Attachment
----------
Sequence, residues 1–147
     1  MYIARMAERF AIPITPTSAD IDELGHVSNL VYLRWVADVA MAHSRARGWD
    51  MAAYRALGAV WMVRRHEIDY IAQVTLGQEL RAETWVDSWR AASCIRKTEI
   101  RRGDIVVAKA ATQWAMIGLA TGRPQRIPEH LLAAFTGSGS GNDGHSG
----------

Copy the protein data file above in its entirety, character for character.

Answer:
Sequence, residues 1–147
     1  MYIARMAERF AIPITPTSAD IDELGHVSNL VYLRWVADVA MAHSRARGWD
    51  MAAYRALGAV WMVRRHEIDY IAQVTLGQEL RAETWVDSWR AASCIRKTEI
   101  RRGDIVVAKA ATQWAMIGLA TGRPQRIPEH LLAAFTGSGS GNDGHSG